By Jill Biden
As a community college professor, I see the incredible dedication and commitment my students have to their education. They often have to juggle jobs and classwork, take multiple buses across town to get to school, or skip meals to pay for books and materials. They work hard and ask for nothing in return but the opportunity to better their lives. Unfortunately, for community college students across the country, the challenges often prove to be too much, and they never make it to graduation day.
In July, I had the chance to join Senator Catherine Cortez Masto and Congresswoman Dina Titus for a virtual tour of Truckee Meadows Community College (TMCC) in Reno, where a partnership with a manufacturing company is removing many of these obstacles. Diana Bonner, an Advanced Manufacturing student there, told us about the many ways her program supports her — housing, a bus to work, and a food bank — so she can focus on her craft.
The facility itself was remarkable, using tools modeled after the same cutting-edge equipment and technology companies now use in Reno and across the country. The lab — which, when it opened, made TMCC just the fifth educational institution in the U.S. to have a cyber-physical factory — trains students on manufacturing systems used by a 21st-century workforce.
One of the things I love most about community colleges is that they are flexible, innovative, and focused on meeting their students where they are in their lives. We saw that at TMCC, and we were reminded that this innovation not only improves the lives of students, it also strengthens our communities and the competitiveness of our businesses.
Northern Nevada is experiencing the benefits of a growing manufacturing sector that has diversified the region’s economic activity and brought in thousands of good-paying jobs. It’s something we need more of throughout America.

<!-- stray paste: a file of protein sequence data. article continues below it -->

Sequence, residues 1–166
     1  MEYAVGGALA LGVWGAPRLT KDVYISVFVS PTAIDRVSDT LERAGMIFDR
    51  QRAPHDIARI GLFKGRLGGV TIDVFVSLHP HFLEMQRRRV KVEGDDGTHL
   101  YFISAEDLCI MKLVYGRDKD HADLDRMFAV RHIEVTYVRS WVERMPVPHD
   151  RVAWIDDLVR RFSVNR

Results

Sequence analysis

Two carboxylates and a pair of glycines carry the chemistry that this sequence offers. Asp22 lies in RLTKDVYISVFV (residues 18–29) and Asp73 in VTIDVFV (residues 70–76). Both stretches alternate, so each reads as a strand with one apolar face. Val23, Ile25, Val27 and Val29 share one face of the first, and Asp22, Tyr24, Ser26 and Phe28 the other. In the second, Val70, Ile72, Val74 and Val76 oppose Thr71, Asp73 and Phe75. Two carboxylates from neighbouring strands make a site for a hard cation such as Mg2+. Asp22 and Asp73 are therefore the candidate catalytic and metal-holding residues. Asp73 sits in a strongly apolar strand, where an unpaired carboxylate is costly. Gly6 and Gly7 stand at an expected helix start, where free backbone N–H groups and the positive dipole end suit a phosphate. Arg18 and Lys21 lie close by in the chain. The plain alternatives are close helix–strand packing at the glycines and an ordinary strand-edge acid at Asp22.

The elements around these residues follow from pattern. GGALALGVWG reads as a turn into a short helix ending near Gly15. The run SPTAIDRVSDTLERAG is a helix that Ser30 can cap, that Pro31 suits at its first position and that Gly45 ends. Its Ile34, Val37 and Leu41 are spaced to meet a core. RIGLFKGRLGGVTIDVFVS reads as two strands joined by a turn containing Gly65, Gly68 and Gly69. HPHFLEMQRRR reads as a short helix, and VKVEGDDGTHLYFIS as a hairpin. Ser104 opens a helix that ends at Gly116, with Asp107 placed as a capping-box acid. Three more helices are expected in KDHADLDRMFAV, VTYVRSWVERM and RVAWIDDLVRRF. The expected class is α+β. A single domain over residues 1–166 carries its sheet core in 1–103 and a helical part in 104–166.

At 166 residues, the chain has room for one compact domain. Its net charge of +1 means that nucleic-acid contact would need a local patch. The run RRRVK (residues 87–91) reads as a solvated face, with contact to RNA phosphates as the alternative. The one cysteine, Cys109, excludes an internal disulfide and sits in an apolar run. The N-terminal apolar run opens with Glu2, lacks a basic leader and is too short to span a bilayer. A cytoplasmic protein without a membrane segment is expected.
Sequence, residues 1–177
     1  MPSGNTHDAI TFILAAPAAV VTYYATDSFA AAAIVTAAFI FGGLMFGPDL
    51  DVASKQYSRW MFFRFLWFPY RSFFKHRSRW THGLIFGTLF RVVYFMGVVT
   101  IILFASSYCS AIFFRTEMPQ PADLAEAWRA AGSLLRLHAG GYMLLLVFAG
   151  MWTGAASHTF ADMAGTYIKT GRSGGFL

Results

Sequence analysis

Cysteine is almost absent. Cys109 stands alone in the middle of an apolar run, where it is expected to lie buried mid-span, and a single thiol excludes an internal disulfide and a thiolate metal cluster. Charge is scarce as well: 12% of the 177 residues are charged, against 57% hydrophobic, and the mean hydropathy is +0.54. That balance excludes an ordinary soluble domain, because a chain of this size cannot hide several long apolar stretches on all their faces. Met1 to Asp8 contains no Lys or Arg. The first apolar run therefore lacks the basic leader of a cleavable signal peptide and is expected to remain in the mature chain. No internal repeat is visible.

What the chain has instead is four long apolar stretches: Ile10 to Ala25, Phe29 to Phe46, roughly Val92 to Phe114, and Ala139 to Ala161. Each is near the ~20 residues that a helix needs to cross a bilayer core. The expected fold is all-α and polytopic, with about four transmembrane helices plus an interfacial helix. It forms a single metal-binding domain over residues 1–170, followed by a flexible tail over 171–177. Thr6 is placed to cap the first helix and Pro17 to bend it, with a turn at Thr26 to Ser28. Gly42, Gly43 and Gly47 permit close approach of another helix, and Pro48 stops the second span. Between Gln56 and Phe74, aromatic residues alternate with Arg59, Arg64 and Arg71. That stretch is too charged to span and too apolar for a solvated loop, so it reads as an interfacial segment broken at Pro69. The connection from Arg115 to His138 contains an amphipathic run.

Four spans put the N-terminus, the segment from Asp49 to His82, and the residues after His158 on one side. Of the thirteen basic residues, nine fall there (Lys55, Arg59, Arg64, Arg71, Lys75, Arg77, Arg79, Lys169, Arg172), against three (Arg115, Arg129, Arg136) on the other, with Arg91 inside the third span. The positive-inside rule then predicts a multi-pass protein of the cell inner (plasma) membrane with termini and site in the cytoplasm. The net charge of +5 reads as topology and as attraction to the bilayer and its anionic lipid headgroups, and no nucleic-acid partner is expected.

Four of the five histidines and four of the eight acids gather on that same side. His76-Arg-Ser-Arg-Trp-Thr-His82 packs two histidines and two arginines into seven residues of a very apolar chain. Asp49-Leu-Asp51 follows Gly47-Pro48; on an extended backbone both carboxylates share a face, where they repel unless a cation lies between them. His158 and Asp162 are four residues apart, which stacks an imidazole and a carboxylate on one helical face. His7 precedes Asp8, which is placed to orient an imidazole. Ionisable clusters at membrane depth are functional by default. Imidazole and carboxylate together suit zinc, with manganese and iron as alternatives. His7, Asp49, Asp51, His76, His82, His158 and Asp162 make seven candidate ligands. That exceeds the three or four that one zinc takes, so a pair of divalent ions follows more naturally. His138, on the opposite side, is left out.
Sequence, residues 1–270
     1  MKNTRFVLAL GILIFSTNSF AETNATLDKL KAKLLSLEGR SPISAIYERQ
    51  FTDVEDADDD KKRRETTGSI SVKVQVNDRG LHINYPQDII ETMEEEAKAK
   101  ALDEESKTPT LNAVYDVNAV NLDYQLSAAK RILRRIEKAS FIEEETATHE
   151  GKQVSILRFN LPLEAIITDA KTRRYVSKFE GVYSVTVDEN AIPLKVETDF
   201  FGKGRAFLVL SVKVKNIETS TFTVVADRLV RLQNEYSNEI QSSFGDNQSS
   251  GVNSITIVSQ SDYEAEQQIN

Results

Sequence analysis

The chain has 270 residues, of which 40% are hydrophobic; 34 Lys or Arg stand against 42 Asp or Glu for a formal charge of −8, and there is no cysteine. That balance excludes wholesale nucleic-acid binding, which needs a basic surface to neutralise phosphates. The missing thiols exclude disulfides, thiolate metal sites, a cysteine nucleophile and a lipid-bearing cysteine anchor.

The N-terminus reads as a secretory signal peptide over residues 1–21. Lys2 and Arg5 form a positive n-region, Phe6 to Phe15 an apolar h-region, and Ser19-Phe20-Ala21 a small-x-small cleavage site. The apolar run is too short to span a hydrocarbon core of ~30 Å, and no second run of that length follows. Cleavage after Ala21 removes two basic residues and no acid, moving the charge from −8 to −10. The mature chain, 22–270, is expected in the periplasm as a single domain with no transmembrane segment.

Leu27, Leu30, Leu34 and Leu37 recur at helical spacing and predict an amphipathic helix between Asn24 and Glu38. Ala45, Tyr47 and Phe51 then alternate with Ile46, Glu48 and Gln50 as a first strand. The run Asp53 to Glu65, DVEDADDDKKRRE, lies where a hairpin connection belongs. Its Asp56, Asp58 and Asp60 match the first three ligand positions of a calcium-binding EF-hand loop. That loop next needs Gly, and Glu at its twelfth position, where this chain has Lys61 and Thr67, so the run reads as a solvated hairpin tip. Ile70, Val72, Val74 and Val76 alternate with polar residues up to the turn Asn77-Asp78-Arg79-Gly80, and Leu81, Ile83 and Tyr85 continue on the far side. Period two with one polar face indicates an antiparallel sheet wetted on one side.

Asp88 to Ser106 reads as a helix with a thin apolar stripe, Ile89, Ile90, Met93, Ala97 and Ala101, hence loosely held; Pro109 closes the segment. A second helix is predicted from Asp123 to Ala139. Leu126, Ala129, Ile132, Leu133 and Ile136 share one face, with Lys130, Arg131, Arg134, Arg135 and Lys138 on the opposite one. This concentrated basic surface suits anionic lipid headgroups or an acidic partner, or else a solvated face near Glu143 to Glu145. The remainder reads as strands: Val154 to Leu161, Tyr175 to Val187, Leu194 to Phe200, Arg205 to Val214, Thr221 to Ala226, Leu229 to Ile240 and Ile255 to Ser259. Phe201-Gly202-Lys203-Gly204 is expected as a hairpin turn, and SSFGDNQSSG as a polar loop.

That’s why a significant component of Joe’s Build Back Better economic plan focuses on the types of manufacturing jobs for which TMCC trains students.
His plan starts with a pretty basic idea: When we spend taxpayer money, we should buy American products and support American jobs. Joe will strengthen our commitment to Buy American, including closing loopholes and cracking down on waivers that federal contractors have used to send projects overseas.
Joe will make an historic $300 billion investment in research and development, which estimates indicate could help create 3 million jobs in communities across the country. He’ll also make sure the major public investments in his plan — whether federal R&D or training programs like the ones we saw at TMCC — reach all Americans across all states and regions, including urban and rural communities, with historic investments in communities of color and an emphasis on small businesses.
Joe will be a fierce advocate for the workers doing these manufacturing jobs. He’ll fight for higher wages, stronger benefits, fair and safe workplaces, and the right to organize unions and collectively bargain.
Joe’s vision for the American economy of the future won’t be about going back to the broken system that left so many behind — it will be about building back better than before.
We’re in a moment of dramatic change — both as industry transitions to 21st-century work and as our nation recovers from the worst economic crisis of a lifetime. Yet, through the disruptions, community colleges and their manufacturing partners are reshaping the future of our nation. They — and the students across the country who depend on them for training and good-paying jobs — need leaders who will support those efforts. They need someone who will work as hard as they do to build back our nation better than before. Joe will be that president. He will be a partner to businesses. Additionally, with a community college professor by his side, no one will be a better advocate for students like Diana and students across the country.
Jill Biden is a lifelong educator, former second lady of the United States and wife of 47th Vice President Joe Biden. Since 2009 she has been an English professor at Northern Virginia Community College.
Submitted opinions do not represent the views of NevadaState.News